Afghan authorities said they had started to release 400 Taliban prisoners, the final hurdle in long-delayed peace talks between the two warring sides, even as President Ashraf Ghani warned they were a "danger to the world".

The Afghan government and the Taliban are set to meet within days of the prisoner release being completed.

The move has drawn widespread condemnation after it emerged many of the inmates were involved in attacks that killed scores of Afghans and foreigners.

A group of 80 prisoners was released yesterday, said National Security Council spokesman Javid Faisal, tweeting that it would "speed up efforts for direct talks and a lasting, nationwide ceasefire".

But for some victims' families, the plan to free the Taliban prisoners is a step too far. 

It "felt like being stabbed in the heart with a knife", said Juma Khan, 77, as he recalled watching Afghan leaders gather to debate and eventually approve the release.

His son, Aziz Ahmad Naween, an IT specialist, was killed in a massive truck bombing near the German embassy in May 2017 while heading to work. He was 24.

"We all want peace, but they never asked for our opinion, the victims," Mr Khan said. 

"That was the worst day of my life. I fell unconscious on seeing the body of my young son in a coffin," he told AFP at his home in Kabul.

"I don't believe that the decision to release them will lead to any peace in this country any time soon."

Taliban prisoners great each other as they are released from Pul-e-Charkhi prison

The decision also shocked Shahnaaz Ahmadi, 42, whose 45-year-old husband Faiz Ali Ahmadi was killed in the same truck bombing.

"It was unbelievable... and hard to watch what was happening," said Ms Ahmadi, who watched thousands of Afghan elders and stakeholders debate the release at last week's "loya jirga" meeting.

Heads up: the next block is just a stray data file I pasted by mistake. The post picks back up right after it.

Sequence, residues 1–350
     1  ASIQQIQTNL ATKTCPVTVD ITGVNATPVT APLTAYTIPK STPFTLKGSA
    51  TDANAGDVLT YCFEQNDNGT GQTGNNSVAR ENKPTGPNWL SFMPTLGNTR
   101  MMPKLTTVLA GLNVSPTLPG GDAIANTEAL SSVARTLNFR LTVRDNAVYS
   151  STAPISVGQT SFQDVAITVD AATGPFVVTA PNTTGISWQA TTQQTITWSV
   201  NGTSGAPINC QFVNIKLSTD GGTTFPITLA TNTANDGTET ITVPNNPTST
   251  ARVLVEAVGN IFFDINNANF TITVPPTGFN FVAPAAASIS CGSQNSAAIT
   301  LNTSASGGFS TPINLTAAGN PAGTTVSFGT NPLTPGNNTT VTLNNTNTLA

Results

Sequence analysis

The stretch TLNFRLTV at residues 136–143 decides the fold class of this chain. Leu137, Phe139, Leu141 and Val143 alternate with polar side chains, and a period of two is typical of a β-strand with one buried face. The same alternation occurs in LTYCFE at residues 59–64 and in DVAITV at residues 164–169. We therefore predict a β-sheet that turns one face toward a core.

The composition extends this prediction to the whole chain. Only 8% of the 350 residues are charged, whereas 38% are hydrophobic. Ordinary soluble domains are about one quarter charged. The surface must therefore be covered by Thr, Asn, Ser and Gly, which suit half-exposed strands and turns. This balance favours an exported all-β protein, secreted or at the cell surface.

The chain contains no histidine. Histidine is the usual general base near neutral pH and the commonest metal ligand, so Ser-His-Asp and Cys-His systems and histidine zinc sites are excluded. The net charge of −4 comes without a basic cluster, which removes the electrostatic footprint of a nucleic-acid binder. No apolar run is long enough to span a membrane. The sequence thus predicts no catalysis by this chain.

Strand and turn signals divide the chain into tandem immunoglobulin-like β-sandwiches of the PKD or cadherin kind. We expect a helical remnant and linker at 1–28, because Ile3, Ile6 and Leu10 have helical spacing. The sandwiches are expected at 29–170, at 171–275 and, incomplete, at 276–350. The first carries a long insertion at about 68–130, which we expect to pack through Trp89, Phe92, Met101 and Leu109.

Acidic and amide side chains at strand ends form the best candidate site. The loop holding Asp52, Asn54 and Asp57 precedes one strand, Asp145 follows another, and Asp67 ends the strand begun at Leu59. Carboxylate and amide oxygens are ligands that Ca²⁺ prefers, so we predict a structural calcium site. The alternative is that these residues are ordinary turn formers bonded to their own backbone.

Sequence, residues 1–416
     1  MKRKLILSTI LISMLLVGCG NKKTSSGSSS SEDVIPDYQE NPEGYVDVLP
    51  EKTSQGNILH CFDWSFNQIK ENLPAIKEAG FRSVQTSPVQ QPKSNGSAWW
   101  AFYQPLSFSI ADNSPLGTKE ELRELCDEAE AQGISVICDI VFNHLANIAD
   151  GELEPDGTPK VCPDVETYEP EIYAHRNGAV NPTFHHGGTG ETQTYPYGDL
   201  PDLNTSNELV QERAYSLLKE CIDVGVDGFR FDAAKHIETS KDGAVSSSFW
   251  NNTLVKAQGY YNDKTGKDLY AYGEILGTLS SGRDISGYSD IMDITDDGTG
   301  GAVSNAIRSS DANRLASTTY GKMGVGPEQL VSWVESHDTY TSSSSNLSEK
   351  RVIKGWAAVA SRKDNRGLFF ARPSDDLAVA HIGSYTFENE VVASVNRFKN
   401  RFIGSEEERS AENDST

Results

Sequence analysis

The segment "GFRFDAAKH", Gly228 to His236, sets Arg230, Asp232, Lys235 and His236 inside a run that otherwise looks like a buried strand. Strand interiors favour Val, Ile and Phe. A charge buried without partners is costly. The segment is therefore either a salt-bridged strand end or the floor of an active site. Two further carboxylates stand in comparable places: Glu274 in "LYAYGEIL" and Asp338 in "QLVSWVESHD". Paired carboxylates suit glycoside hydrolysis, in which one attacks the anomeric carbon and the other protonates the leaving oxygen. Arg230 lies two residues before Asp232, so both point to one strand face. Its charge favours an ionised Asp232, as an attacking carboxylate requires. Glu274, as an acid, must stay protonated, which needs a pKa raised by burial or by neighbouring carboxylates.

"How could they do that? We all cried that day," the mother of seven told AFP.

The "loya jirga" is a traditional gathering of tribal elders and other prominent citizens called by Mr Ghani at the weekend. It approved the release of the 400 militants to pave the way for talks and a possible ceasefire.

The peace talks will be held in Doha, Qatar.

The family of French woman Bettina Goislard, a United Nations refugee worker who was shot dead by Taliban militants in 2003, also opposed the release of her killers.

"Such a decision to free (them) made on the basis of horse-trading would be, to us, her family, inconceivable," her family told AFP.

The prisoners include some 44 insurgents of particular concern to the United States and other countries for their role in high-profile attacks, according to an official list seen by AFP.

Australian Prime Minister Scott Morrison said earlier this week he had lobbied for a former Afghan army soldier, who went rogue and killed three Australian colleagues, to stay in jail.

President Ghani warned this week that the hardened criminals were "likely to pose a danger both to us and to (America) and to the world".

"Until this issue, there was a consensus on the desirability of peace but not on the cost of it," he said in a video conference organised by a US think tank.

"We have now paid the major installment on cost and that means peace will have consequences," he added.

A prisoner swap formed part of a deal signed by the Taliban and the US in February, which saw Washington agree to withdraw its troops from Afghanistan in return for a pledge from the insurgents to hold peace talks with the Afghan government.

The Afghan government was excluded from that agreement.

The February deal had stipulated that Kabul release 5,000 militants in return for 1,000 Afghan government prisoners held by the insurgents.

Ahead of the jirga, US Secretary of State Mike Pompeo had urged the gathering to release the prisoners, although he acknowledged the move was "unpopular".

The Taliban, meanwhile, has warned of possible attacks against the freed prisoners by extremists of Islamic State group in coordination with Afghanistan's spy agency.